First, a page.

The Missing Role of Economics in FTC Privacy Policy

Privacy and Security and Competition Policy and Antitrust

Article Snapshot

Author(s)

James C. Cooper and Joshua Wright

Source

in The Cambridge Handbook of Consumer Privacy, Jules Polonetsky, Evan Selinger & Omer Tene, eds., Cambridge University Press, 2018, pp. 465-488

Summary

Privacy regulation restricts information flows, the lifeblood of the digital economy, and have significant economic impact. Yet actions by the Federal Trade Commission (FTC) to protect privacy often lack economic analysis and fail to provide clear evidence of consumer harm.

Policy Relevance

Rules to protect privacy should be based on evidence of harm to consumers and economic analysis.

Main Points

  • The FTC should explain the harm its privacy actions will remedy; the claim that consumers do not expect information to be shared for marketing does not amount to a substantial consumer injury.
     
    • A mere failure to meet expectations does not justify FTC action.
       
    • Material lies, or serious harms to dignity, autonomy, or seclusion can justify action.
       
  • The FTC should recognize empirical evidence of consumer behavior online, which shows that consumers are willing to trade their information for tiny amounts of compensation, and are unwilling to pay much to avoid data collection.
     
    • Two-thirds of consumers are unwilling to pay for Gmail service that did not scan email; the remaining third would pay at most $15 per year.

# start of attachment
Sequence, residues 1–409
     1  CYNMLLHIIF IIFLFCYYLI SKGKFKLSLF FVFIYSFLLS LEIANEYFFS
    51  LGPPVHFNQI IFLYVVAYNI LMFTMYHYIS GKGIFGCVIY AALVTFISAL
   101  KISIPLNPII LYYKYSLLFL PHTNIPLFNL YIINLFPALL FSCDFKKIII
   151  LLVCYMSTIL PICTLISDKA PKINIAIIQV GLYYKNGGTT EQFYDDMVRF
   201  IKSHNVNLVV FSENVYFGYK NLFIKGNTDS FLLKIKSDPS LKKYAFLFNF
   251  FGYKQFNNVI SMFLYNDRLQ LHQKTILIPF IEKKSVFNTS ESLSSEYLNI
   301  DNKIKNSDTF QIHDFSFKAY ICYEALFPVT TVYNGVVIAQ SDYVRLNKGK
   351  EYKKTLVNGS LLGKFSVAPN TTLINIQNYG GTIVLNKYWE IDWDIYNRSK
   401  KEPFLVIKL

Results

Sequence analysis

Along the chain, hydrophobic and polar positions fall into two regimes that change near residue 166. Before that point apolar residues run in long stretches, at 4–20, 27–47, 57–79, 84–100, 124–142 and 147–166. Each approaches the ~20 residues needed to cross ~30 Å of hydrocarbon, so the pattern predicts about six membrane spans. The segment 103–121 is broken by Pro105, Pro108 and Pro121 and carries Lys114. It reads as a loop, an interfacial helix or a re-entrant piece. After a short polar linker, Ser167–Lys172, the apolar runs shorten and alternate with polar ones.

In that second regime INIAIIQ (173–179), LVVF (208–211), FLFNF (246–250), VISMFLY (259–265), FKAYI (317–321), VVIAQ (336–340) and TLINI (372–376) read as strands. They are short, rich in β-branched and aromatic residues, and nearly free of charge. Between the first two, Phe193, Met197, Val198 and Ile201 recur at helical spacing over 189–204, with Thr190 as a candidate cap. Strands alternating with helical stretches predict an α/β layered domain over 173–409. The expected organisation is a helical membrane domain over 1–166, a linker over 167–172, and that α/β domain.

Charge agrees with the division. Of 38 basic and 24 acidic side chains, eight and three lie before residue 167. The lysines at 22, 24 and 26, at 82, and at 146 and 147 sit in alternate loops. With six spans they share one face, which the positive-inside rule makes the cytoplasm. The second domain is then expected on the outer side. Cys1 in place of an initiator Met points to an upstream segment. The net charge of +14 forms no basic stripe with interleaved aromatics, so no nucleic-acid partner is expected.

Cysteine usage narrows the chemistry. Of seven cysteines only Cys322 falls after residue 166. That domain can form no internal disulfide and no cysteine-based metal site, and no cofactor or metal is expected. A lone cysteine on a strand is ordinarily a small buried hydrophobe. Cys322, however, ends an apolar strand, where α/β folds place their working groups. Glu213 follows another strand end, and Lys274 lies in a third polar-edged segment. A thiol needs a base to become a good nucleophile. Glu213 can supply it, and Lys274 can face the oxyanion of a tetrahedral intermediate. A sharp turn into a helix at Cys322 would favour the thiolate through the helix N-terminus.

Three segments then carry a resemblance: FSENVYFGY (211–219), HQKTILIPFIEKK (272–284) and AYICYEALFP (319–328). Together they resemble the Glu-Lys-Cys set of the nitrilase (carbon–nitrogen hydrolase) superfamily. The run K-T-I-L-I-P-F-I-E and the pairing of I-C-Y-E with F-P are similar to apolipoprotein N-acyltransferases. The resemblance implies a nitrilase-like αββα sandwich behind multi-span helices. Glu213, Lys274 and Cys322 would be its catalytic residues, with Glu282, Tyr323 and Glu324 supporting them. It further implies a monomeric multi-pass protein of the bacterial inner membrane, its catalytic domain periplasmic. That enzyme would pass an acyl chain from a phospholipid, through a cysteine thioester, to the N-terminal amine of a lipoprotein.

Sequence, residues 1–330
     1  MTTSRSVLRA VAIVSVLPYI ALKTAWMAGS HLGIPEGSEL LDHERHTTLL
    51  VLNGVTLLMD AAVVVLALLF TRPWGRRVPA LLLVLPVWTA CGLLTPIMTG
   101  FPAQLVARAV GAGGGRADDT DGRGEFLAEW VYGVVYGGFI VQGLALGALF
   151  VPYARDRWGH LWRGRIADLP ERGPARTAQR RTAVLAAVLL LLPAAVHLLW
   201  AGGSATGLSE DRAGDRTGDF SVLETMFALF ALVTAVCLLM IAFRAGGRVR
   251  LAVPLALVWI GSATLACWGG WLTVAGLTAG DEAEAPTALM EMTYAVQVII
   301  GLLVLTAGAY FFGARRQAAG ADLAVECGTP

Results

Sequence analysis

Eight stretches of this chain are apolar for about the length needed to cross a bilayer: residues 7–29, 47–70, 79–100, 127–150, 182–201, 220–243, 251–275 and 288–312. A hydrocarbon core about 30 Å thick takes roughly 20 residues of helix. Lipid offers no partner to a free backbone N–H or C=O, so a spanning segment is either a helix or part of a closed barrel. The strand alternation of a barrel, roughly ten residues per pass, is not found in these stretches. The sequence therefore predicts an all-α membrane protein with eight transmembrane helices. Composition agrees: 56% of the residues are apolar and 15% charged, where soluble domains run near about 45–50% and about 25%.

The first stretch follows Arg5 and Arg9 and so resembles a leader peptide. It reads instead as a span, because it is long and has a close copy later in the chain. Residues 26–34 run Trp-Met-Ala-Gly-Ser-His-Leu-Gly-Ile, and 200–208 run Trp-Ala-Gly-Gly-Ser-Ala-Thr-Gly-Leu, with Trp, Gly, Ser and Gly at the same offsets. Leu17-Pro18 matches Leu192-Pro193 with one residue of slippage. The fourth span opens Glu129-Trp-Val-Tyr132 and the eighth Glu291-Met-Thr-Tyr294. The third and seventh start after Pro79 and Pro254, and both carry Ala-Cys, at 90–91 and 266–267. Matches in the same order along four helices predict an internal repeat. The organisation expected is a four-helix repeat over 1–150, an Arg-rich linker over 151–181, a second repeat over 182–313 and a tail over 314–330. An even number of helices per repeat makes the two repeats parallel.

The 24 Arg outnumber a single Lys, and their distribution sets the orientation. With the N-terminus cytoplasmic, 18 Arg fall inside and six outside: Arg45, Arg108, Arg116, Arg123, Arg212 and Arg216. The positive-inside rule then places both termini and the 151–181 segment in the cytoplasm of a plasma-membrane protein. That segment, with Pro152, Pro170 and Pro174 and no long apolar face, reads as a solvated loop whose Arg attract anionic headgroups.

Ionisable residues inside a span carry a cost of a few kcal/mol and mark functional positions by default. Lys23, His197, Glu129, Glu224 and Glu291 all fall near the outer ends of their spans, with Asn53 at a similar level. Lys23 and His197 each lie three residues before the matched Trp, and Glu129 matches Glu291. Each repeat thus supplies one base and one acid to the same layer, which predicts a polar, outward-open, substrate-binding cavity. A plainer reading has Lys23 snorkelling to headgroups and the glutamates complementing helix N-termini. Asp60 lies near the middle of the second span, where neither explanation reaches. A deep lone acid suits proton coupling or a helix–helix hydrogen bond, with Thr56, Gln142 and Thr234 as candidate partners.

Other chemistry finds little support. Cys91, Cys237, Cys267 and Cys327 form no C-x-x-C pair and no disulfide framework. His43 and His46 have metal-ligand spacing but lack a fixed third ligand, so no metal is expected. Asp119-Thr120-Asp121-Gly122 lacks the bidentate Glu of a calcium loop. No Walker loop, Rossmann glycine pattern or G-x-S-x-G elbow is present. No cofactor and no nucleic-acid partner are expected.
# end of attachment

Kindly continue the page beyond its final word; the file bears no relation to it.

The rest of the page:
• Consumers are comfortable with the typical give and take of information online.
       
  • The FTC Act defines statement as deceptive if the statement is both untrue and material; the FTC should not assume that statements in privacy policies are material.
     
    • Claims made in television ads are assumed to be material; this makes sense, because the advertiser makes claims to draw consumers to his product.
       
    • Statements in privacy policies are probably not material, as the policies are written for legal purposes, and most people do not read them.
       
  • Privacy policies that prevent firms from making decisions based on accurate data such as a bad driving record or credit history would do more harm than good; policies that prevent decisions based on racial or religious discrimination are justifiable.
     
  • Policies like “privacy by design” limit the collection of data and are likely to exacerbate serious problems in the market caused by lack of information.
     
  • Some FTC consent agreements prevent firms from collecting data for twenty years, or limit firms’ ability to merge data sets without consent; this data is essential to competition and innovation, and the FTC seriously underestimates the costs of its regulations.
     
  • The rule that consumers must “opt in” before firms can sell data makes the data less marketable, and the firms have less reason to ensure that it is accurate:
     
    • Regions with opt-in rules have higher foreclosure rates.
       
    • Strict health privacy laws slow deployment of information technology in health care, and worsens patient outcomes for some populations, such as minority babies.
       

 

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